2. Collision with Other Vehicles – This occurred primarily because of runaway horses, although it was claimed that good drivers could often avoid such collisions. One solution was for less experienced drivers to collide with something that stunned the horse and forced it to stop rather than another vehicle. There was also the “rule of the road.”[3] It stated to keep to the left side and pass vehicles going the same way by always going to the right. Such a rule offered advantages to drivers, riders, and pedestrians because it was orderly, everyone knew what to expect, and drivers could use their whips without accidentally lashing pedestrians.
  3. Loose Stones – Loose stones were particularly dangerous if a horse was traveling downhill. Stray stones usually appeared in the roadway because cart or wagon owners used the stones to block a wheel while they loaded or unloaded their cart or wagon. This was easily remedied by ensuring stones were picked up after loading or unloading.
Carriage Accident Due to Obstacles, Public Domain

Carriage accident due to obstacles. Public domain.


Remedies for Accidents Causes by Horses

  1. Bolting – Bolting usually occurs because a horse is fearful or confused. Brakes were one way fleeing horses were tired out, but for a bolting horse, drivers needed an instant release or some sort of detaching apparatus. Drivers were also advised to use a technique called “sawing the mouth.” It was where a person pulled on one rein and then the other. Once a fleeing horse was brought to a standstill, soothing words were suggested to get and keep the horse calm. Moreover, drivers were advised that they should never employ whips to pacify a restive horse as it produced the opposite effect. One person who was affected because of bolting horses was an American patrician named Gouverneur Morris. His horses were left unthethered as he took the seat and they bolted. “To control the runaway horses, he fell, and his left leg was mangled in a wheel. His left ankle was dislocated and several bones in the same leg were broken.”[4] Ultimately, his leg was amputated. Ferdinand Philippe, Duke of Orléans also died after his bolted. However, in this case the Duke died because he leapt from his carriage and suffered contusions to the head. 
  2. Shying – Shying was said to be the most frequent cause of carriage accidents. This usually occurred because the horse became frightened. The best way to prevent shying was to move the animal away far from the fright as quickly as possible. Another common practice by drivers was to pull the reins on the same side the horse shied. However, this sometimes caused the horse to run into some sort of danger, such as a ditch, which then might cause the vehicle to topple. Therefore, the best suggestion was good drivers should always be aware and noting the prick of the horse’s ears so that they could be ready to stop an accident before it happened.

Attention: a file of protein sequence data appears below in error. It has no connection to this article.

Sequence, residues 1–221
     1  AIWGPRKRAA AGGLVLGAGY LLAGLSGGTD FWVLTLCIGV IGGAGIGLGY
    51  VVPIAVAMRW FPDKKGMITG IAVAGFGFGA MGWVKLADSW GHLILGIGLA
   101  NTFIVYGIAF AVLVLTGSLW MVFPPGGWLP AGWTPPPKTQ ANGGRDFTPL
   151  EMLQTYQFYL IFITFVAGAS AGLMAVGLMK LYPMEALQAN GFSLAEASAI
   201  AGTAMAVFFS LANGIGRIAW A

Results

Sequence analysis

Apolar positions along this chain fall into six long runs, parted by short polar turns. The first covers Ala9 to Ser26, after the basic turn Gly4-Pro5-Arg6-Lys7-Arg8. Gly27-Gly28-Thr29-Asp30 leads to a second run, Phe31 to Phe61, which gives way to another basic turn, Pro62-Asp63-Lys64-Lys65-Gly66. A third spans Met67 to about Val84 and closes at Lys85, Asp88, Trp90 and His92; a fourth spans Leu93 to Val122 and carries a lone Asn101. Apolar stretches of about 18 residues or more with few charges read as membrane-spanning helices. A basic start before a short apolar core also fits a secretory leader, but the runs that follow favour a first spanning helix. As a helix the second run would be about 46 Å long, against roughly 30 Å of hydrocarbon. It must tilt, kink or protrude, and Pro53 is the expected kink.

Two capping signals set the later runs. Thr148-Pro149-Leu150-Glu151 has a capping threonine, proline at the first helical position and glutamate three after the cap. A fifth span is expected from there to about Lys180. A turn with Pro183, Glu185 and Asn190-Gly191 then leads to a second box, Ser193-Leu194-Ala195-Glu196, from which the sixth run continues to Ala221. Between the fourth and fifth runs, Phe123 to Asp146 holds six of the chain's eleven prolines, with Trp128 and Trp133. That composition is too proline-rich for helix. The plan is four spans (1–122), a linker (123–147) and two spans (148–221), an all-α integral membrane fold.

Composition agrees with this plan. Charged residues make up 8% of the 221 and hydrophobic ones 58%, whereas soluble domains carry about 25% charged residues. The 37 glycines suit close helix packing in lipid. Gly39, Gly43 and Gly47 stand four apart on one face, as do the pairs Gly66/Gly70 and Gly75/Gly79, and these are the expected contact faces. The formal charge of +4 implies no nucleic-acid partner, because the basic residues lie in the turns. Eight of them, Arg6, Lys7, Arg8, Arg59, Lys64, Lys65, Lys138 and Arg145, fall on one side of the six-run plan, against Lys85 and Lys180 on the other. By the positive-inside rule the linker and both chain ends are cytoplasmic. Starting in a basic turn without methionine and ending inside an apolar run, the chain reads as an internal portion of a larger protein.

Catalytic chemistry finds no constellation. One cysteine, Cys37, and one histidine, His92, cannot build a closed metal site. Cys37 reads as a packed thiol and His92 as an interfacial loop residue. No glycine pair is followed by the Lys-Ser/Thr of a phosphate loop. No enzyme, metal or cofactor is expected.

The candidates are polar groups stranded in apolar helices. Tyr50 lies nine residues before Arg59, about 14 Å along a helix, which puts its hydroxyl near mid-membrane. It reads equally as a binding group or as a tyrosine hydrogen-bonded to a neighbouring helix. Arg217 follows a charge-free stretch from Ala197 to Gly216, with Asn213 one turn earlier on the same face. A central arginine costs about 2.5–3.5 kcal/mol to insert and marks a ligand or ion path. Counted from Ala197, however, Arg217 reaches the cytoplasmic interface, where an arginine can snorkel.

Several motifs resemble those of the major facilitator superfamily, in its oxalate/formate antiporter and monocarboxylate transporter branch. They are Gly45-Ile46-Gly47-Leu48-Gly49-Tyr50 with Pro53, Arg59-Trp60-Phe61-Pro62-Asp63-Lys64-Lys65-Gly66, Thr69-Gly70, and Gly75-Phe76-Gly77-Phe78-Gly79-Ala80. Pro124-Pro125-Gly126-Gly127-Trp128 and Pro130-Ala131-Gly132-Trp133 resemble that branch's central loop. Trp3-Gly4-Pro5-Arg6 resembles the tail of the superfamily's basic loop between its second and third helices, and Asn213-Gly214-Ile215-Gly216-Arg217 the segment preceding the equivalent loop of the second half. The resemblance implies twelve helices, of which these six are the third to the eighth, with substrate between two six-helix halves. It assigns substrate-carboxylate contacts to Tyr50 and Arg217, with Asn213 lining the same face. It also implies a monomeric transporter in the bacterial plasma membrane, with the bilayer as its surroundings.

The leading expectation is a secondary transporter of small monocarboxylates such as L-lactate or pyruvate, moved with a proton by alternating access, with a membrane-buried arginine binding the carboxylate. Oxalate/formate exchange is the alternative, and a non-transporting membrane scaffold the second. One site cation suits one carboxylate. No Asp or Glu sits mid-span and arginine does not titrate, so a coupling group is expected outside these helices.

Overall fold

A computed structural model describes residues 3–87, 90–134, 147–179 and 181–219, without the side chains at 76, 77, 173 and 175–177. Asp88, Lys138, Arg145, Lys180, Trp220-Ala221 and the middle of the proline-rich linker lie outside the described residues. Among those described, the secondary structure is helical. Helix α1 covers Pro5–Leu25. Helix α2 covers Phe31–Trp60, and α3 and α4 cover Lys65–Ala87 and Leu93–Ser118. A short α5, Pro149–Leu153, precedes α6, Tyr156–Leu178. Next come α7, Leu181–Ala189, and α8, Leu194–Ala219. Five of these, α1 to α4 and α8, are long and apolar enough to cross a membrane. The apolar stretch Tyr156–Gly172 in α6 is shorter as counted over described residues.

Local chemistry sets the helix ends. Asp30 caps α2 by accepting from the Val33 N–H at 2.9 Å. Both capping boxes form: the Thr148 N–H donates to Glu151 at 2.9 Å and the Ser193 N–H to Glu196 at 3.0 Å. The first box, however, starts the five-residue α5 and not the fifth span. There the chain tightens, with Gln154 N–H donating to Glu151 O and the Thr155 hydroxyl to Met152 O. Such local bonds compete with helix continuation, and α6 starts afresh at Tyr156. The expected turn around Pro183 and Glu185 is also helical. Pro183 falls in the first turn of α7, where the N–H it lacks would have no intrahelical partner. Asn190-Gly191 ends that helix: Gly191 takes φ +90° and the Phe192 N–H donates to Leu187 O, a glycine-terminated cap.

3. Rearing – Rearing was more common among horseback riders than horses pulling a carriage. However, once a horse began rearing, many people claimed it was difficult to stop them. Reasons for a horse rearing varied, but it included such things as excessive energy, fear, pain, etc.
  4. Jibbing – In horses that pulled carriages, jibbing (stopping and refusing to go) was more common than rearing. It was hard to eradicate such a habit as there were no mechanical contrivances to prevent it. For an occasional jibber, it was suggested a person slacken the reins and dig in the spurs. That way, supposedly, the horse would remember and be less likely to do it again. Drivers were also advised that if their horse was a jibber they should not attempt to have it pull a four-wheeled carriage, except as one of a pair. Moreover, it was suggested jibbers should pull gigs rather than other kinds of carriages.
  5. Falling – Horses do not usually fall. If they do it’s because of a simple mistake, with the most common reasons for falling related to tripping. It was claimed that tripping was much more likely to occur in horses raised in stalls because they were not allowed free range of motion. Horses raised in flat pastures or pens also had a more difficult time adjusting to rocky or irregular surfaces and were, therefore, also more likely to stumble, trip, or fall.